Peace Corps in the Dominican Republic
PCDR Celebrates 50 Years
Almost 200 DR-RPCVs returned on Santo Domingo in early February 2012 to celebrate 50 years of Peace Corps service in the Dominican Republic. The weeklong celebration was highlighted by speeches by Dominican Minister of Foreign Affairs Carlos Morales Troncoso, United States Ambassador to the Dominican Republic Raul Yzaguirre, and Peace Corps Director Aaron Williams (DR '67-'70), and also featured presentations on today's Peace Corps sectors and initiatives, memories of Peace Corps service in the Dominican Republic across the last five decades, a reception at the US Embassy, and plenty of tostones and merengue.
PCDR Annual Report
Just in time for 2012 comes the PCDR Annual Report 2010. The report details, sector by sector, Peace Corps Volunteers' efforts working hand in hand with local partners to train youth in computer skills, supply water to rural communities, improve small business's management techniques, build safer cook stoves, help families eat more nutritiously, teach kids to read, and dozens of other community-building development projects.
Director Williams and Members of Congress Visit PCDR
On March 21st 2011, Peace Corps Director Aaron Williams accompanied a congressional delegation to the Dominican Republic to get a first-hand look at the Peace Corps.
Events included a reception at US Ambassador Raúl Yzaguirre's residence, a visit to a current Volunteer's site, and a meeting with Dominican President Leonel Fernández.
The delegation was led by Senator Patrick Leahy of Vermont, and included Kay Hagan of North Carolina, and Kent Conrad of North Dakota, as well as Representatives Xavier Becerra of California and Peter Welch of Vermont.
Director Williams is a Returned Peace Corps Volunteer who served in the DR from 1967 to 1970.
2011 Marks Peace Corps' 50th Anniversary
In 1961, President John F. Kennedy signed an Executive Order establishing the Peace Corps, forever changing the way America sees the world and the world sees us. Today, one of President Kennedy's most enduring legacies can be found in the over 200,000 current and returned Peace Corps Volunteers who have collectively given over a half-century of service to the cause of peace. On its 50th anniversary, the United States Peace Corps remains an enduring symbol of our Nation's commitment to encouraging progress, creating opportunity, and fostering mutual respect and understanding throughout the world.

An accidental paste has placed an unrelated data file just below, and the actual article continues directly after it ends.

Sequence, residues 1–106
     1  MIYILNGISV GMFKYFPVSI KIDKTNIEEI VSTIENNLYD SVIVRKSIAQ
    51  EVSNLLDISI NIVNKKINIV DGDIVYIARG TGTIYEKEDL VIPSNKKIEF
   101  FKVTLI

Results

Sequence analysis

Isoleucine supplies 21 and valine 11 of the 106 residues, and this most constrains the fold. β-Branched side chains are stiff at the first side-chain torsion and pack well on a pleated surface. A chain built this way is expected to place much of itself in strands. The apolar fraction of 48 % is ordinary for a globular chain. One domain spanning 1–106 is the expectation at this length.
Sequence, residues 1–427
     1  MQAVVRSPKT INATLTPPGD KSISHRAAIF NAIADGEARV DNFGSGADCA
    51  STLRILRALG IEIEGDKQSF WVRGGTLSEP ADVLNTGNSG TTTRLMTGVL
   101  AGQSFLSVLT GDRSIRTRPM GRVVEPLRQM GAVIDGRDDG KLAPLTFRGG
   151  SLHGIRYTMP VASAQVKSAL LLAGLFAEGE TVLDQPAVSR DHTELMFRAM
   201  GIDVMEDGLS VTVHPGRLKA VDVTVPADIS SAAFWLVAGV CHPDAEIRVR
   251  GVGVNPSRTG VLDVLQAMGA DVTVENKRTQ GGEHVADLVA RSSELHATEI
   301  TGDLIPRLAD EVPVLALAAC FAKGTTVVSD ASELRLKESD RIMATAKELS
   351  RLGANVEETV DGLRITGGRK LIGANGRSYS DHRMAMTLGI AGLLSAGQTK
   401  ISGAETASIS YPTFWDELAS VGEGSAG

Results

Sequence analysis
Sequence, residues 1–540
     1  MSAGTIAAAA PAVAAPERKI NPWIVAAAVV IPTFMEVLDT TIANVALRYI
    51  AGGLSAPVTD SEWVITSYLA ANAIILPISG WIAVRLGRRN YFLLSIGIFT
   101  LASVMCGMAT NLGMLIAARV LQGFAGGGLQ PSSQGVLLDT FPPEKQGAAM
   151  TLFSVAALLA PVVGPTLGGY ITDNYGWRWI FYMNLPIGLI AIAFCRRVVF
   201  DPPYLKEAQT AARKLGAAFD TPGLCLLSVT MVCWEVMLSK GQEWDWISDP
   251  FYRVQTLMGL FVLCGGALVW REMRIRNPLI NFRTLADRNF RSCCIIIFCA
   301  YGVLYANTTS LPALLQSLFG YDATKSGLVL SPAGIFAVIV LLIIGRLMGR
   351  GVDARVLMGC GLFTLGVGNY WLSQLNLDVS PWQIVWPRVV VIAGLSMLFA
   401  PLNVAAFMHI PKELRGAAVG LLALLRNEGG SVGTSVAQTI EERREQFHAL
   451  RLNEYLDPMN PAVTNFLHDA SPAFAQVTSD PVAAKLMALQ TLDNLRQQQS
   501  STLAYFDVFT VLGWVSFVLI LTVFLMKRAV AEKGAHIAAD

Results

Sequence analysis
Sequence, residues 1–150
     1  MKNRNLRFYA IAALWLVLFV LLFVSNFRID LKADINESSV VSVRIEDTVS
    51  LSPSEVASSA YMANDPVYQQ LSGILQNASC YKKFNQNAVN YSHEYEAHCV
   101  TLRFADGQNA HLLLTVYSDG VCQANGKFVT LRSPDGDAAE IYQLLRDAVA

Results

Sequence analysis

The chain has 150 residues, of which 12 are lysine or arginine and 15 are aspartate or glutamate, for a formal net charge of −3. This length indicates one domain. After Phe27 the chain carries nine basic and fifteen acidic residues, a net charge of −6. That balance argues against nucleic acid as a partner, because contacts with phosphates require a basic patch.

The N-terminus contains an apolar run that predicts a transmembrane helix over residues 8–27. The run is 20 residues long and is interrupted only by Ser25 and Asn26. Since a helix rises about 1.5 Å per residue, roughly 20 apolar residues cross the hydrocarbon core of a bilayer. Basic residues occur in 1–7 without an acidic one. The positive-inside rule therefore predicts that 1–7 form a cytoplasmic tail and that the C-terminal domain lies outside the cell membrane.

Read the rest of President Obama's Presidential Proclamation honoring the commitment of the more than 200,000 Peace Corps Volunteers who have served worldwide since 1961.
New Peace Corps Volunteers
On May 12, 2010, 39 trainees officially swore in as Peace Corps Volunteers in the Dominican Republic, 22 for the Information and Communications Technology sector and 17 for the Community Environmental Development sector. The ceremony took place at Entrena SA headquarters in Pantoja, a community north of the country's capitol, Santo Domingo. Having completed a rigorous nine-week training coordinated by Entrena SA, the new Volunteers will now depart for different cities, towns and rural communities across the country.
Speakers at the event included John Seibel, president of Entrena; Romeo Massey, director of Peace Corps DR; and Altagracia Suriel, director of social initiatives for the First Lady's Office (Despacho de la Primera Dama). All speakers emphasized that Volunteers play a crucial role in their communities, not only empowering communities to achieve their short- and long-term goals, but providing a means for Dominicans to learn about American culture while the Volunteer becomes immersed in Dominican culture. They also noted that Peace Corps has been working hand-in-hand with the Dominican people uninterruptedly since the very first group of trainees swore in in 1962.
Attendees included current Volunteers, representatives of the American Embassy, Peace Corps and Entrena staff, and members of the Pantoja-area host families that housed the trainees during their time there.
I think everyone’s experience is different and you’ll figure it out in your own way and time.Kelley DouglasFormer volunteer in the Dominican Republic 2005-2007.